Author Topic: EEVblog #967 - Mystery Teardown  (Read 6553 times)

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Offline EEVblog

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EEVblog #967 - Mystery Teardown
« on: January 28, 2017, 08:09:29 am »
Mystery Teardown

 
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Offline ElektronikLabor

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Re: EEVblog #967 - Mystery Teardown
« Reply #1 on: January 28, 2017, 08:51:18 am »
That a nice tear down!
I'm working with similar kind looking photo diodes for spectral measurements.
You can get them for 10$ but if you want a accurate and low light sensitive one you can pay a fortune for one of them.

We are also using filters for different colors.

The left one on the image is a germanium diode that costs 200$.
 

Offline mcinque

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Re: EEVblog #967 - Mystery Teardown
« Reply #2 on: January 28, 2017, 10:12:30 am »
What is the spectrometer you're using to test filters?
I'm basically still a rookie and because of this, even with the best intentions, I often say bullshits
 

Offline thomastheo

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Re: EEVblog #967 - Mystery Teardown
« Reply #3 on: January 28, 2017, 11:13:56 am »
Looks to me like a Vishay BPW21R or something very similar.

http://www.vishay.com/photo-detectors/list/product-81519/





From the datasheet: The device is equipped with a flat glass window with built in
color correction filter, giving an approximation to the
spectral response of the human eye

They aren't that expensive, i've got bunch of them sitting in my parts drawer. In the order of 5 euro a pop.
« Last Edit: January 28, 2017, 11:24:33 am by thomastheo »
 
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Offline jipihorn

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Re: EEVblog #967 - Mystery Teardown
« Reply #4 on: January 28, 2017, 11:27:28 am »
Hello,

I've been working in the colorimetric world for 15 years and this device is a very classic one.
First of all, it is NOT a spectrophotometer. It is a colorimeter.
The principle is the use of  3 filters to obtain a physical space representing the color. But, this has a lots of  inherent limitations. These filters are in fact the standard CIE observer curves (the 1931 2° one). The x one has two humps, related to a weird property of the human vision. All measurement devices use CIE coordinates, which can be XYZ, Lab, LCh... RGB, or CMY(K) are NEVER used in physical measurements. They are useless because they are device related. The link between CIE coordinates and device related coordinates is done using tables (or some formula in very, very specific cases). This is the goal of ICC profiles for example. RGB (CMY) space are not physical and not defined.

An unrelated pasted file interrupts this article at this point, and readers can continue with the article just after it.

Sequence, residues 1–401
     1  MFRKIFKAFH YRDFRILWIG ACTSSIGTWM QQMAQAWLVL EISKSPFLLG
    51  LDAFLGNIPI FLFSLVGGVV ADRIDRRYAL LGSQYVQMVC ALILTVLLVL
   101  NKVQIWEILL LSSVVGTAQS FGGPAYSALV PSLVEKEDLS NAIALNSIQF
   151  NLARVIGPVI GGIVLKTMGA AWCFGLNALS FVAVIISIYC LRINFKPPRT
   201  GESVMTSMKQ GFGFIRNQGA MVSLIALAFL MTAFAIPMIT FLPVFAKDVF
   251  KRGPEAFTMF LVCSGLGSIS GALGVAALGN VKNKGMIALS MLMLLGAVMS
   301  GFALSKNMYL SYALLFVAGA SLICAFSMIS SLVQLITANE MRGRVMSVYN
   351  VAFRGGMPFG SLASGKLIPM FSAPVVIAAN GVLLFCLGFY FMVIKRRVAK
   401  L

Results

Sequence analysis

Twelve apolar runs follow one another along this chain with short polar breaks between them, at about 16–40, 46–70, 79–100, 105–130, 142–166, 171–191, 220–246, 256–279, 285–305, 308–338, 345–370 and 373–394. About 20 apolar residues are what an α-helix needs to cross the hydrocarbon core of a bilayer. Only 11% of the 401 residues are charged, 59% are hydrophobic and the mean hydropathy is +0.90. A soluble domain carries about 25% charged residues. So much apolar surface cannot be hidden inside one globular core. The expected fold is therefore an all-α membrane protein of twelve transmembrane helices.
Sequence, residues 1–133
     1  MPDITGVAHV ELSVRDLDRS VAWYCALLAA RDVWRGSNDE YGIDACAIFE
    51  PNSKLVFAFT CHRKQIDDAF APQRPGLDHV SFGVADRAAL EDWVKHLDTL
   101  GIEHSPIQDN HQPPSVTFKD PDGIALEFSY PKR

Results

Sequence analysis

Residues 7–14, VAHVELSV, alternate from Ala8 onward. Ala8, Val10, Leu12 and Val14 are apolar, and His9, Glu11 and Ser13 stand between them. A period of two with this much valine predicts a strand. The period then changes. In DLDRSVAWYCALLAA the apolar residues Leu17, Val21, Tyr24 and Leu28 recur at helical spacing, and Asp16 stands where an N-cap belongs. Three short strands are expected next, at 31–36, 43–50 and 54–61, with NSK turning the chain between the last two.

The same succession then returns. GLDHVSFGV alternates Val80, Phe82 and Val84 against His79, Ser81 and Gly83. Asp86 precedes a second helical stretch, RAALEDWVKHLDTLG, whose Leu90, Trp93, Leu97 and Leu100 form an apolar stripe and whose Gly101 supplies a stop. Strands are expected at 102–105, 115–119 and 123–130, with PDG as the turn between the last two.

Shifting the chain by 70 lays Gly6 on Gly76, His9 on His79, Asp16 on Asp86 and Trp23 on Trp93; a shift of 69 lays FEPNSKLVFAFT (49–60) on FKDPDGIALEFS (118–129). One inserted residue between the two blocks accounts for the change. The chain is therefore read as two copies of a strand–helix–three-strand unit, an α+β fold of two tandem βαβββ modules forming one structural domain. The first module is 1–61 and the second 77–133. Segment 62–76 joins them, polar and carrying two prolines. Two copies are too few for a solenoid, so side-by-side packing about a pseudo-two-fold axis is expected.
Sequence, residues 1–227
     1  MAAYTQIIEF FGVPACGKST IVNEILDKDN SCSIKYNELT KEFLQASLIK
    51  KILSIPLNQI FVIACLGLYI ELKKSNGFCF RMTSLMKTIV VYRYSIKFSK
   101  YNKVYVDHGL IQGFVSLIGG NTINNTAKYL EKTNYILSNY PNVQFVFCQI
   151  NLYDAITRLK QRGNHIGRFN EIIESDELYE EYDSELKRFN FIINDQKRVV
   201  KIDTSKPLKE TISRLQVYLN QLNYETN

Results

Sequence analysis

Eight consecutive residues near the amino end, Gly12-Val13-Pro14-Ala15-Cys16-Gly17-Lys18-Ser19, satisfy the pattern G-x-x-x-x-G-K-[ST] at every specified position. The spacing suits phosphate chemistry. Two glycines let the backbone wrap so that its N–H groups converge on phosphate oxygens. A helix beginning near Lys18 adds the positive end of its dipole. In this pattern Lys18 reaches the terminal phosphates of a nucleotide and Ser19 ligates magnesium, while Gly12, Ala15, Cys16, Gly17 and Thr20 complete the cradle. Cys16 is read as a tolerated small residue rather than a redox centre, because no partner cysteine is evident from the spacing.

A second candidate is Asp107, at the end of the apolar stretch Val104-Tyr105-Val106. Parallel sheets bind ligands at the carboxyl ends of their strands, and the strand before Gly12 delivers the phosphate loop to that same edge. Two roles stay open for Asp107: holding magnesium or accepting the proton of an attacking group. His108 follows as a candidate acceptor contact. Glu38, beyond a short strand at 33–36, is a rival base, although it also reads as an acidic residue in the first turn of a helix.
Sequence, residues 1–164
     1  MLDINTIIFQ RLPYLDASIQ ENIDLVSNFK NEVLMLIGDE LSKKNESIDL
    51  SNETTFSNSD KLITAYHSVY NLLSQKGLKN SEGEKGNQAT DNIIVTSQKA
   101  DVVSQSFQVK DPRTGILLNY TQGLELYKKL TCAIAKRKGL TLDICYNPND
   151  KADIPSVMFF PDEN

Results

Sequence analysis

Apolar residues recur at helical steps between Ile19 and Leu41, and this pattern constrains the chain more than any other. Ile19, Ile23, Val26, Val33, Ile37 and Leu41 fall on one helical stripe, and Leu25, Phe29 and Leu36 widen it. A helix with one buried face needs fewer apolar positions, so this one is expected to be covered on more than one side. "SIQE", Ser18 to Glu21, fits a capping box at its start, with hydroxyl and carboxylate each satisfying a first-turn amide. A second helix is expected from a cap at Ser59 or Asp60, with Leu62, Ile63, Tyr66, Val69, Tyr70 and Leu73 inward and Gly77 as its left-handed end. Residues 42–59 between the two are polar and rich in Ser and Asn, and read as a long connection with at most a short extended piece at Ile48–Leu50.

All colorimeters use the very principle of filters, but they are NOT RGB or CMY stuff. There is a R,G,B space in CIE definitions using r,g,b observer curves. But this is NOT related in any way to the usual RGB space used in the computer world. RGB or CMY(K) are the worst spaces to work with when you manipulate colors seriously.
The other limitation of a colorimeter is that they are stuck to a given illuminant (or light), often D65 or D50. And there is no way to convert a CIE coordinate in one illuminant to an other. There are some techniques (like the Bradford transform), but they are only crude approximations. The only way to get real colorimetric measurements is from a spectrophotometer. From that point, you can compute any CIE coordinates you want.
Colorimetry is a very rich science subject and it is a shame that it very under-used in the computer world. For example, Adobe software have very archaic color management even in 2016 and there is no way to print accurate colors with usual software, even though everything is available to do so !
Jerome.
 
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Offline HighVoltage

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Re: EEVblog #967 - Mystery Teardown
« Reply #5 on: January 28, 2017, 11:48:16 am »
Very nice tear down !

I used have a SONY monitor, that came with a similar but much smaller color detector that had to be placed on the front of the monitor from time to time go get it calibrated.

In what episode are you explaining / showing the spectrometer ?
I must have missed that, what brand is it.

 
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Offline EEVblog

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Re: EEVblog #967 - Mystery Teardown
« Reply #6 on: January 28, 2017, 12:45:48 pm »
In what episode are you explaining / showing the spectrometer ?
I must have missed that, what brand is it.

 

Offline tox3

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Re: EEVblog #967 - Mystery Teardown
« Reply #7 on: January 28, 2017, 04:15:38 pm »
Great teardown!  :-+
 

Offline Razor512

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Re: EEVblog #967 - Mystery Teardown
« Reply #8 on: January 28, 2017, 04:36:27 pm »
That reminds me of a more modern colorimeter teardown.



I just wonder why these companies like to price gouge so much for what is likely $5 worth of hardware.